The Belgian Competition Authority (BMA/ABC) has also acknowledged its role and stated that it will focus on developing an enforcement policy that takes into account the specific challenges of a medium-sized economy, with a particular emphasis on a healthy competitive environment for the development and further growth of 'small tech' companies in the services sector. Competition infringements in the digital economy will also be considered a priority and the BMA/ABC will be particularly alert to possible abuse of dominance and abuse of economic dependence.

  • 4. The increased scrutiny under merger control rules will continue in 2024

    The three regulatory tools will certainly have spill-over effects on the 'traditional' enforcement of the merger control rules. Besides having an extra 'check-box' for FDI and FSR, which may have an impact on the transaction procedure itself, gatekeepers under the DMA are required to notify the Commission of any intended concentration where the merging entities or the target provide (core platform) services in the digital sector or enable data collection pursuant to Article 14 of the DMA.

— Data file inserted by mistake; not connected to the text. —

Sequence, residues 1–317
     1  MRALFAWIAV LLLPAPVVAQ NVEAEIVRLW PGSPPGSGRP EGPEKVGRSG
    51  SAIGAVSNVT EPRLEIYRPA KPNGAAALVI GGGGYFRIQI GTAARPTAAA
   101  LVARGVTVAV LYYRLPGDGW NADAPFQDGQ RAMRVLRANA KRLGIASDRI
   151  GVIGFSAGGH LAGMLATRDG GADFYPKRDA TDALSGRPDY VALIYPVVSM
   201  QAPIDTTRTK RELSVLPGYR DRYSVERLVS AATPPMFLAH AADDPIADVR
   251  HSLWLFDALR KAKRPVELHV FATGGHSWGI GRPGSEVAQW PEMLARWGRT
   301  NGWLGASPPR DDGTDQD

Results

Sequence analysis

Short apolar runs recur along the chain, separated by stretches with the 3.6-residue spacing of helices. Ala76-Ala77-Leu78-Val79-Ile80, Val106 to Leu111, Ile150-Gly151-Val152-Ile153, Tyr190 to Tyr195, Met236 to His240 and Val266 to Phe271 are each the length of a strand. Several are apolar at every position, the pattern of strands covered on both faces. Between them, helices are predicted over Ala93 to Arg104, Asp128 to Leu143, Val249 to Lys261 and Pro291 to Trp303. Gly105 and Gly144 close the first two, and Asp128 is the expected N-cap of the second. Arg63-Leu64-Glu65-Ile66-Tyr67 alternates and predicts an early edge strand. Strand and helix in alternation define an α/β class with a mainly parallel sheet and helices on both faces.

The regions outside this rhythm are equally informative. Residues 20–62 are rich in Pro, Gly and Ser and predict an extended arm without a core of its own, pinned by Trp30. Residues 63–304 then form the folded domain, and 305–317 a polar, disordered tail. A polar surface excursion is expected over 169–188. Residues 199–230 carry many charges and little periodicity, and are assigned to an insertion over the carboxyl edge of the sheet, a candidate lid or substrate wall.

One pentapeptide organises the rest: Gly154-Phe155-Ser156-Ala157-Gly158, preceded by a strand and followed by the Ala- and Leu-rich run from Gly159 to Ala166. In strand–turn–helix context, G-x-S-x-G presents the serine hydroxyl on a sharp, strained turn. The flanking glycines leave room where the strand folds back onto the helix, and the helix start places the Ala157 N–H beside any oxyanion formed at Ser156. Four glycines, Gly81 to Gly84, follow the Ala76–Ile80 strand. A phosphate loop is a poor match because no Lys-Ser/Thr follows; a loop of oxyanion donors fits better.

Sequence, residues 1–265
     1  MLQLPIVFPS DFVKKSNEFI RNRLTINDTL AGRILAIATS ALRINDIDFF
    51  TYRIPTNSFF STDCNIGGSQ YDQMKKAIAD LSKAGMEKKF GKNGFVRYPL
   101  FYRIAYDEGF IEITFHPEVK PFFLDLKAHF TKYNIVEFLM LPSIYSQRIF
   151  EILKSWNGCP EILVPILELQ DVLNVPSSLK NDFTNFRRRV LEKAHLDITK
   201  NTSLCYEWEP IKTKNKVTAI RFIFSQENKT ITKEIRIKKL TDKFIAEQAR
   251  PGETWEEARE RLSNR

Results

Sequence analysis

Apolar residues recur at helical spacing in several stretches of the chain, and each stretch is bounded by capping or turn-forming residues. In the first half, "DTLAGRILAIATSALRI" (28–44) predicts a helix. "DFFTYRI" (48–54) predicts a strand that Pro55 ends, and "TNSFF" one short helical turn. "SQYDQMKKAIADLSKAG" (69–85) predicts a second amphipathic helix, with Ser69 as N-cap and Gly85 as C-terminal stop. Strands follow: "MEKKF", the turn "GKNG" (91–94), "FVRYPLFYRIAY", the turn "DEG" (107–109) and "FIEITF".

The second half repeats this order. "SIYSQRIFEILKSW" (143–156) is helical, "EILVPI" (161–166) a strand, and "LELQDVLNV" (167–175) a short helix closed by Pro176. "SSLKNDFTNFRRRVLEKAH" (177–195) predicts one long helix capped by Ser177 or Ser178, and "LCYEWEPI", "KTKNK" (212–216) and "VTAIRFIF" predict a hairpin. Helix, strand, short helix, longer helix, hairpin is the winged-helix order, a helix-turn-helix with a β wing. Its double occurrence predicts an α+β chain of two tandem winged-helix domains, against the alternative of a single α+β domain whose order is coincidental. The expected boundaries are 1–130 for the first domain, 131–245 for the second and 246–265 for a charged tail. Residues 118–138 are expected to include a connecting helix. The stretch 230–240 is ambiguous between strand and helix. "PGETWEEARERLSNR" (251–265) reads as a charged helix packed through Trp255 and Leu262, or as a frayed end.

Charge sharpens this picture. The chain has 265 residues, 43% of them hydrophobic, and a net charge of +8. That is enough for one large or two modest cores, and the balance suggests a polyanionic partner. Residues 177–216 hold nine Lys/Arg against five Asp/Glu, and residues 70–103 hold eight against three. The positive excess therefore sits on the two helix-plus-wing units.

The exact impact on the Commission’s assessment is not yet known. The Commission’s recent statement that it will block Amazon’s acquisition of iRobot raises the question whether gatekeepers will face a much tougher stance from the Commission. Will they be able to proceed with acquisitions if they are not willing to propose (extensive) commitments? The Commission appears to confirm the apparent shift in merger control enforcement, most notably illustrated by its block of Booking.com’s acquisition of eTraveli. Here, it relied heavily on an 'ecosystem' theory of harm: a theory that allows authorities to challenge acquisitions by conglomerates (such as large companies in digital markets) in neighbouring markets, even where they have a limited presence.